School district continues to cultivate spending plan
Palmerton Area School Board's Budget and Finance Committee continues to cultivate next year's spending plan.
On Monday, the committee reviewed the district's facilities, technology, human resources, junior high school, and Towamensing Elementary budgets for the 2011-12 school year.
Committee members Barry Scherer, Michael Ballard and Susan Debski were joined by Superintendent Carol Boyce. Committee member Carl Bieling was not in attendance.
In its current form, the facilities budget calls for about a 3 to 3.5-percent increase. That's due to a $26,757 spike, from $61,958 this year, to $88,715 in 2011-12, in the principal for the energy savings performance contract, which will be paid off in 2023. In addition, there is also an expected $14,000 increase in the cost of natural gas.
Boyce said she believes the district "will be able to save even more with the prices in the bond issue."
Scherer agreed, and said "I think there's still some room where we'll be able to trim."
The technology budget is scheduled to rise by over $11,000, from $183,318 this year to $194,692 in 2011-12.
Dan Heaney, director of technology, said the increases are due to software and repairs to the phone system.
The human resources budget is slated to see about an $11,000 increase, from $8,616 this year to $19,786 in 2011-12.
Debra Demyanovich, director of human resources, said professional services from various departments have been transferred to her budget, which accounted for $10,100.
Scherer said the human resources budget was in line with what the district anticipated.
"Last year was a base budget," Scherer said.
Towamensing Elementary is expected to see a near $16,000 increase, from $61,481 this year to $76,119 in 2011-12.
Principal Christine Steigerwalt said a $14,000 increase to purchase consumable textbooks accounts for most of her building's increase, as well as the rising costs of copy paper.
Ballard said the committee shouldn't be surprised by the bottom line.
"We knew that was coming back this year," Ballard said.
Also as part of her budget, Steigerwalt said she would like to request a technology teacher that would be split between Towamensing and S.S. Palmer Elementary.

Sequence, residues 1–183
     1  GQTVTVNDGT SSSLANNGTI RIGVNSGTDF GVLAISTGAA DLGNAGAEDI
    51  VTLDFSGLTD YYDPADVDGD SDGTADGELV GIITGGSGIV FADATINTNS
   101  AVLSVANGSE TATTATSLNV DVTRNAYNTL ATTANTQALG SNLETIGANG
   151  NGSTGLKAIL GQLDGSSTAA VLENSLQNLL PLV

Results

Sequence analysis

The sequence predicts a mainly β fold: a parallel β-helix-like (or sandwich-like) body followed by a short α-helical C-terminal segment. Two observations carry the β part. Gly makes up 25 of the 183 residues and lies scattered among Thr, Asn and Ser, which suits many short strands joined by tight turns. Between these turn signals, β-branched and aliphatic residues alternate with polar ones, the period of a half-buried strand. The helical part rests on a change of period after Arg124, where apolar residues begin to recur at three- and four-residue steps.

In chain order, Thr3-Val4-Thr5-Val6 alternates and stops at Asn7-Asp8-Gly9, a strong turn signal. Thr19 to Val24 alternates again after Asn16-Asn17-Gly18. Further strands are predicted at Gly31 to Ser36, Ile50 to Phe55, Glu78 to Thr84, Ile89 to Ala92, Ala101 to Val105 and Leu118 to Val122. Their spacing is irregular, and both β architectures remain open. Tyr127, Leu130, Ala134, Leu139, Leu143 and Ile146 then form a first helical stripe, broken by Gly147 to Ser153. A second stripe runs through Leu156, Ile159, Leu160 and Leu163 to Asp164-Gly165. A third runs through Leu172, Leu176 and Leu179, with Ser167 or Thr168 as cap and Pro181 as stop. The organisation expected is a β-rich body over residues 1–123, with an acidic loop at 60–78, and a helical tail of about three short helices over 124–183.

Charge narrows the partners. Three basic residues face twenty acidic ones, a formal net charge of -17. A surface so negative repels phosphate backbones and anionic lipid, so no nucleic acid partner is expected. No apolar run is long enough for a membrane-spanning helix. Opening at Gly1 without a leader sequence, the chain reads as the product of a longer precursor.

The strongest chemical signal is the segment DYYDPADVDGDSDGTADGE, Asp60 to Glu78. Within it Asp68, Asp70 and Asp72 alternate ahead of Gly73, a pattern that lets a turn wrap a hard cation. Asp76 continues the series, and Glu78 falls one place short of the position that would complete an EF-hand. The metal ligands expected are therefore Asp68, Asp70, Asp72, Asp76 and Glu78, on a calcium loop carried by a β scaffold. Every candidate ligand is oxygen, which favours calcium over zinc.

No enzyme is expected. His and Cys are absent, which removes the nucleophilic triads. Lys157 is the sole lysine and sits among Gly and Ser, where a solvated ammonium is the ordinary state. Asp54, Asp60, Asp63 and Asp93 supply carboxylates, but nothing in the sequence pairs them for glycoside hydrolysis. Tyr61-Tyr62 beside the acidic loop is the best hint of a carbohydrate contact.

Steigerwalt said the technology teacher would spend one-third of the day at Towamensing, and the other two-thirds at S.S. Palmer.
The junior high school budget will only see a modest $1,292 increase, from $47,919 this year to $49,211 in 2011-12.
Principal Thaddeus Kosciolek said his slight increase is due to the extra cost for copy paper and instructional supplies.
Kosciolek told the committee he would like to request a part-time secretary to work several days a week to help relieve some of the busy workload from full-time secretary Denise Strohl.
"She's never once complained; I just don't feel it's fair to her to be that stressed," Kosciolek said. "I just feel that it's a need that we have."
Ballard said he understood Kosciolek's perspective.
"You've tried this for a number of years to get her extra help," Ballard said. "You're not talking a lot of money here."
Both Ballard and Scherer told Kosciolek they were pleased with his budget.
Afterward, Boyce said the committee's next task is to fine tune the facilities budget. From there, a preliminary budget will be proposed, likely sometime after the holidays, she said.
Last week, the committee reviewed budgets for the S.S. Palmer/Parkside Education Center, high school, curriculum and instruction, special education, athletic director, business manager, and superintendent.
"I really do commend the administrative staff right across the board for being able to put together a budget that I think holds the line in terms of cost," Boyce said. "We can't run a household budget without expecting some type of increase."
Boyce said the staff has done all it can to keep costs down.
"These people, for a number of years, have contained the educational costs so that they are contained to within several thousand dollars," she said. "In these days of rising costs, we've trimmed everywhere we can possibly trim without hurting the educational process."
This year, homeowners saw a 3.9 percent, or 1.64-mill increase, in their property tax rates after the board in June approved the budget on a 5-4 vote.
That means a person with a home valued at $100,000, which would be assessed at $50,000, paid $2,182 in property taxes to the district this year, $82 more than last year's $2,100 rate.
In the 2009-10 school year, the board passed a budget with a 2.44-percent, or 1 mill increase that resulted in a $50 increase for residents with the same home value.
Before that, the last time the district raised property taxes was in the 2007-08 school year, when it passed a budget with a 2.5-percent increase.